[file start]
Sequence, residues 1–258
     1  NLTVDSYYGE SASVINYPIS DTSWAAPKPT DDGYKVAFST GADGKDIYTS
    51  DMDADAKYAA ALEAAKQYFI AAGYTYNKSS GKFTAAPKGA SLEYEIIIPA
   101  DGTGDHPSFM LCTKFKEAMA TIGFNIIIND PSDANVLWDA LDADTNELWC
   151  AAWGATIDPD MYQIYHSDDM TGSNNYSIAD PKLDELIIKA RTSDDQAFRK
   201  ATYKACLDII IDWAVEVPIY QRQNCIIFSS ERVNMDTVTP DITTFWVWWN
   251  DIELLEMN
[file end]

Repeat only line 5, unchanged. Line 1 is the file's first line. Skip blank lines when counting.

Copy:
   151  AAWGATIDPD MYQIYHSDDM TGSNNYSIAD PKLDELIIKA RTSDDQAFRK